When in Salvador, do as the Baianos do.
The third largest city in Brazil, Salvador, Bahia is a land of the drums, sunshine, and magic. I’ve made the journey to Salvador from its sister city Los Angeles three times in the past eight years to study its dances and take in its wonders.
Here are the top five things to do in Bahia:
1. Follow the drums.
You can’t escape the drums in Salvador, especially in old town Pelourinho (Pelô), a UNESCO World Heritage Site. Day and night, the streets of Pelô are filled with the beating sound of the drums that make you want to move and dance. The most happening night in Pelô is “Blessed Tuesday” (Terça da Benção), when the city’s various Blocos Afros percussion groups perform samba-reggae on the streets and in the plazas. Just follow the crowd’s easy samba-reggae moves and dance the night away. The video below is of the all-female percussion band Didá, filmed in August ’08 outside Didá School of Music, a non-profit organization that teaches music and dance for free to poor women and children of Salvador.
2. The beach.
Bahia is blessed with miles and miles of white, sandy beaches. The most popular beach in town is Porto da Barra, which gets very lively on weekends. Rent a beach chair – soon you’ll have a choice of ice-cold cervezas, caipirinhas, fresh green coconuts and delicious homemade snacks like coxinhas and empadas offered in front of you from the many vendors roaming the beach.
Further away on the Coconut Coast, about 100km north of Salvador is Praia de Imbassaí, fringed by coconut trees and flanked by a river. Check out the shallow part where the river meets the ocean – the water is so warm and inviting! A little further away and much more deserted is Diogo Beach – ask a Baiano how to get to this secluded paradise.
3. Eat Bahian food.
Bahian food, heavily influenced by its African heritage and coastal location, is unlike other Brazilian food. Moqueca -fresh seafood stew made with coconut milk, spices and dendê (palm oil), and deep fried acarajés (black-eyed peas and shrimp fritters) are two of Bahia’s most popular specialties. A portion of moqueca accompanied by rice and beans offered in restaurants around Salvador is usually big enough to share with two or three people. Try it for dinner at Dona Mariquita in Rio Vermelho (Rua do Meio, 178). Rich in palm oil, Bahian food can feel pretty heavy on the tummy. You’ll probably only snack on one or two acarajés during your visit. Casa da Dinha is a popular acarajé stand in Rio Vermelho (Rua João Gomes, 25).
For light, healthy lunch options, Ramma in Pelô (Praca Do Cruzeiro de Sao Francisco, 07) and Manjericão in Rio Vermelho (Rua Fonte do Boi, 3B) are two cheerful self-service kilo places with vibrant, organic foods that will please vegetarians and non-vegetarians alike.
Of course, the most authentic Bahian food is home-cooked with love!
4. Energize with Brazilian superfruits.
Besides açai, there are so many other superfruits in Brazil such as acerola (red berries that taste sweet like guava but without the thickness when juiced), caju (the fruit of the cashew tree), and umbu. My favorite is cupuaçu, another fruit native to the Amazon that’s as energy-packed as açai and tastes like a cross between pineapples and pear with a hint of grass. Load up on these sucos de frutas whenever you need an energy boost. Thankfully, fresh fruit juice bars can be found on almost every street corner of Salvador.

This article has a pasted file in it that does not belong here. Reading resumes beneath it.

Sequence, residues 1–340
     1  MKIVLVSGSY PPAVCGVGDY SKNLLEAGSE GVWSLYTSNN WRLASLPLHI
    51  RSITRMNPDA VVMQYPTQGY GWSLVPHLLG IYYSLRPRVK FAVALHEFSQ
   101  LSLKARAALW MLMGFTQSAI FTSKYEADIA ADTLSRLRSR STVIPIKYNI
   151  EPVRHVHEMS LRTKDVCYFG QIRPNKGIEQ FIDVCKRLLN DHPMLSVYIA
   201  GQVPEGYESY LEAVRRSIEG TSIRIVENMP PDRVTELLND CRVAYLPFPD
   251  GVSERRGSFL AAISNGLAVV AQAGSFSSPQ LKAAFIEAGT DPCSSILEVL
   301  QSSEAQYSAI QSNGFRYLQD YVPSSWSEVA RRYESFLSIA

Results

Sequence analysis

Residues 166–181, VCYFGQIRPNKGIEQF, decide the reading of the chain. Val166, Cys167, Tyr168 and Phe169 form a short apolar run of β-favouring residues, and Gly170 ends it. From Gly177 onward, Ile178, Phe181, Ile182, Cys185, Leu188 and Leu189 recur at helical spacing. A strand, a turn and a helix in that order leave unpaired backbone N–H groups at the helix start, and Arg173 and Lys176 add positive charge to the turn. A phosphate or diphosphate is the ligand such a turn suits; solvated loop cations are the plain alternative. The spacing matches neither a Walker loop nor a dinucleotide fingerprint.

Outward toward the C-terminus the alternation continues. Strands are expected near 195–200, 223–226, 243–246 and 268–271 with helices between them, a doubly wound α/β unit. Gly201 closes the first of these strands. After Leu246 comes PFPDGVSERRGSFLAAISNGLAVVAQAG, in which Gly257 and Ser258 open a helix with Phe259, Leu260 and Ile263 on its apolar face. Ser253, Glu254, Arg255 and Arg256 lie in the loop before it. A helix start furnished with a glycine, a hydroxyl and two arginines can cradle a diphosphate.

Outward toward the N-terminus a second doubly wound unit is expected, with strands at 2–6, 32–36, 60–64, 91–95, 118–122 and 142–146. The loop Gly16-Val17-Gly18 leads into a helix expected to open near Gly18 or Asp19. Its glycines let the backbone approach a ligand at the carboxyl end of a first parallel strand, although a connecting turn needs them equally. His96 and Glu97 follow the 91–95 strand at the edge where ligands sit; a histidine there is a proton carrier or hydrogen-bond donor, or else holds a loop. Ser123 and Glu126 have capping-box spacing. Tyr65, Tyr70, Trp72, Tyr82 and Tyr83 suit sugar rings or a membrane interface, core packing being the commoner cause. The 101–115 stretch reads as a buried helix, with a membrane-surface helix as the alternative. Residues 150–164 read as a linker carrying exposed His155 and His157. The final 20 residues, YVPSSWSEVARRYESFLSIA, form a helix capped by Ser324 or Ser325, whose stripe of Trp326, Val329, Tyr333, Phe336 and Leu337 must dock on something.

5. Get blessed.
If you’re lucky enough to see a group of Baianas dressed in white, carrying buckets of popcorn in Pelô, approach them with a smile. They may bless you with a quick “popcorn bath”, a Candomblé ritual to clear negative energy. The Afro-Brazilian religion of Candomblé is a big part of the Bahian culture – you’ll see symbols of its deities (the Orixás) everywhere, from paintings, sarongs, and jewelry sold around the streets of Pelourinho to the impressive statues of eight Orixás in the middle of the Dique do Tororó lake in downtown Salvador. Festivals devoted to each Orixá are held throughout the year, the most well-known of which are Lavagem de Bonfim (honoring Oxalá, father of the Orixás) on the second Thursday in January at the Bonfim Church, and Festa de Yemanja (dedicated to Mother Ocean) on the Rio Vermelho beach on February 2nd. If you’re in Bahia in mid August, the Festa da Boa Morte in Cachoeira is a must-go.
To learn more about Candomblé, you can observe a ceremony at one of the terreiros de candomblé in Salvador like Casa de Oxumaré. Going with a guide is best – ceremonies are beautiful but there are rules and etiquette, and the intensity can be overwhelming. For something lighter, watch the amazing Balé Folclórico da Bahia perform the dances of the Orixàs at Teatro Miguel Santana in Pelô. The Galeria Pierre Verger in Pelô has books on the rituals and stories of Candomblé as well as black and white beautiful captures of Bahia by the late photographer.
Crime rate in Salvador has risen in the past few years due to drugs, poverty, and police strikes. In my last trip, I was advised by Baianos not to wear my gold necklaces or take my bulky DSLR camera out.
Brazilian police, in anticipation of World Cup 2014 tourism recently put out a brochure on staying safe, which includes advising tourists not to “react, scream or argue” in the event of robbery. I don’t really agree with the “no screaming” part, but use your own judgment and common sense to avoid being targeted by muggers in the first place: leave your valuables back at the hotel, only carry enough cash, avoid deserted streets, and always be aware of your surroundings. At night, being with a group of people is much safer than being alone.
*Note: this blog post has been republished by my friends at Trippy.com – check it out at the link below.